Diagnosis. Differs from P. conformatum by the more angular, more flattened, often abundantly lobulate and sparsely to abundantly ciliate lobes, with rounded lobe axils.
Type: Ecuador. Galápagos: Isla Pinta, along the trail up to the summit from the S-coast, 0°34′15″N, 90°45′2″W, 289 m alt., transition zone, open woodland of Zanthoxylumfagara, Pisoniafloribunda, and few Tremamicrantha, grasses, Justiciagalapagana, and Alternantherafilifolia in the understory, old cactus pad lying on the ground, sunny, wind- and rain-exposed, 27-Feb-2007, Bungartz, F. 5888 (CDS 33565 – holotype!).
Description.Thallus corticolous (on cactus pads); uppersurface pale greenish yellow, dull, emaculate, not cracked; sparsely to abundantly isidiate; isidia marginal to sublaminal, cylindrical, mostly simple to sparsely branched, 0.05–0.1 mm in diam., concolorous with the thallus to deep brown at their tip, eciliate; lobes small to moderate-sized, 2–5 mm wide, angular, ± flattened, with rounded lobe axils, margins sparsely to abundantly ciliate; cilia short and stout, 0.2–0.5(–0.6) mm long, black, mostly simple, rarely branched; lower surface often blackened throughout or becoming dark brown towards the margin, typically with an erhizinate 0.5–1(–1) mm marginal zone; rhizines short and stout, black, mostly simple, rarely sparsely branched; medulla white. Apothecia and pycnidia not observed among the Galapagos specimens.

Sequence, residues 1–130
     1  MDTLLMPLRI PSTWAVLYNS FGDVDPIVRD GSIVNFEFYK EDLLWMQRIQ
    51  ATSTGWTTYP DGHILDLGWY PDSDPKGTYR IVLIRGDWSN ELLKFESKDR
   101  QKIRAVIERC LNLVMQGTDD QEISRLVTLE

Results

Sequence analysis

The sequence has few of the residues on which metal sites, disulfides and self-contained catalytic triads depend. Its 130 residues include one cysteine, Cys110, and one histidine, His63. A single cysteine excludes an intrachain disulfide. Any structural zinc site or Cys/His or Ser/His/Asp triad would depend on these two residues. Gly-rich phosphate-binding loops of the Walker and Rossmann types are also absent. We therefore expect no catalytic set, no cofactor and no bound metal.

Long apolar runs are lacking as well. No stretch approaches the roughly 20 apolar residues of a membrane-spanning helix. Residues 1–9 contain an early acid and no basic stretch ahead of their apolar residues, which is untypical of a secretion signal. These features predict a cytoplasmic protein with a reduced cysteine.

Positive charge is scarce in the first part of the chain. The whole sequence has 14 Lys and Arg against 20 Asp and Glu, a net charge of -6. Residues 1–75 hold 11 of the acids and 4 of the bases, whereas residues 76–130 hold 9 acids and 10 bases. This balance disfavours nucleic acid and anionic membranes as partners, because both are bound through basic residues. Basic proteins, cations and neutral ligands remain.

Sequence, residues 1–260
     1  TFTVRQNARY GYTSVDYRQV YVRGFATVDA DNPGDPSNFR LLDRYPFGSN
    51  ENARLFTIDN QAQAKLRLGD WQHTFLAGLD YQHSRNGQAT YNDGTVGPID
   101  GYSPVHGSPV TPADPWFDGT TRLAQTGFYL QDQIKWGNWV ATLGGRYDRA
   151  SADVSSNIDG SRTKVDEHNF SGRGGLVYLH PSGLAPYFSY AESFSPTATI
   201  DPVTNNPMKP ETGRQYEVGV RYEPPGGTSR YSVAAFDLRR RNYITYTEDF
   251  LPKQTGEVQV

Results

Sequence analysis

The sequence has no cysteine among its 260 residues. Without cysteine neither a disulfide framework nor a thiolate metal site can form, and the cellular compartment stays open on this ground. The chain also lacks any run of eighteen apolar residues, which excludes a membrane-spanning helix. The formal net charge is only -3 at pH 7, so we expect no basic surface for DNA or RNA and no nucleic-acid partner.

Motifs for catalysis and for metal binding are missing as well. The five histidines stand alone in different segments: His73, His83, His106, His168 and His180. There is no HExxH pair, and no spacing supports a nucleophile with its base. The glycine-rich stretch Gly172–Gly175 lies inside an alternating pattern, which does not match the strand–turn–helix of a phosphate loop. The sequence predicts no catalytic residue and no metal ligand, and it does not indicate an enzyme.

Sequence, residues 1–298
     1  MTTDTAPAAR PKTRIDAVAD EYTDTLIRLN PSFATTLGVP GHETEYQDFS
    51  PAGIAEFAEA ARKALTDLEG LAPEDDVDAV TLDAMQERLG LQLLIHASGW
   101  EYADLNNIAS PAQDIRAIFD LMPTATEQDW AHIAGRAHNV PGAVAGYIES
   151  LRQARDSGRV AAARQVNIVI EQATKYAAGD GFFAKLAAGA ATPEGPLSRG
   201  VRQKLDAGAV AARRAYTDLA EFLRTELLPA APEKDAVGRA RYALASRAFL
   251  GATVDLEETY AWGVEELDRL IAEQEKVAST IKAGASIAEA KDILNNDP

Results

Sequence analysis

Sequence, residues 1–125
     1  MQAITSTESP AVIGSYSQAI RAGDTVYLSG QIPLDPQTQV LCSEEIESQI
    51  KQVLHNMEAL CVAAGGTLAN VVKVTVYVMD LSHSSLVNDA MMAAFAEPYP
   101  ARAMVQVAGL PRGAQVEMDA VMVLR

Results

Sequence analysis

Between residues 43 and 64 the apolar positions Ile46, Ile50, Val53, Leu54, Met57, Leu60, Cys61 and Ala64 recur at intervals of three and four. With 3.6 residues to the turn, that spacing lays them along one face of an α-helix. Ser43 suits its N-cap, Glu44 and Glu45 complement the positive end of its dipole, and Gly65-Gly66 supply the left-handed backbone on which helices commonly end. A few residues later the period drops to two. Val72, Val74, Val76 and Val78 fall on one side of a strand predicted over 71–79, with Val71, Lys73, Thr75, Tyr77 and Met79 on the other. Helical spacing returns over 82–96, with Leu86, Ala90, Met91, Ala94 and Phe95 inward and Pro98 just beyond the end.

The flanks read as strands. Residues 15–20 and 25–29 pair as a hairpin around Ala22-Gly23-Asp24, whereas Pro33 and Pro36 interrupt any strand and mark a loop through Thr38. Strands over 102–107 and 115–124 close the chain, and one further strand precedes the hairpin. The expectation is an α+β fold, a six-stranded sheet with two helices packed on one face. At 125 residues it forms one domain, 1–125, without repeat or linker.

Ecology and distribution. Currently only known from the type, possibly endemic.
Notes.Parmotrema cactacearum is in many respects very similar to P. conformatum. The two species share almost the same chemistry. In Galapagos all specimens of P. conformatum contain fumarprotocetraric acid, whereas this secondary metabolite is absent from P. cactacearum. However, this chemical difference alone may not constitute the most reliable character to distinguish the two species. Hale (1965), Ribeiro (1998) and Canêz (2005) all report fumarprotocetraric acid from P. conformatum, but Winnem (1975) suggests that she found usnic acid, protocetraric acid and an unknown substance in the type (at BM). This suggests that the type material should be re-examined. More important than the chemical differences, however, is the distinctly different growth morphology of the two species. Parmotrema conformatum forms broadly rotund, loosely undulating lobes with incised axils; these lobes are typically not lobulate and are mostly eciliate (only a few specimens occasionally bear cilia). Parmotrema cactacearum has flattened, appressed, angular lobes with rounded axils. These lobes are often abundantly lobulate with sparse cilia; where the lobes lack lobules they are more abundantly ciliate. The two species also differ in their isidia ontogeny. In both species, isidia are most abundant and best developed at the lobe edges, but in P. conformatum the isidia generally emerge from a much broader gnarled surface area along the lobe margins. Towards the margin this irregular surface becomes increasingly granular and the lobe margins are then abundantly cylindrically isidiate. In P. cactacearum the isidia appear more confined to the lobe edge; the thallus surface generally remains smooth and only occasionally bears a few immature, scattered isidia. In Galapagos both species are not common.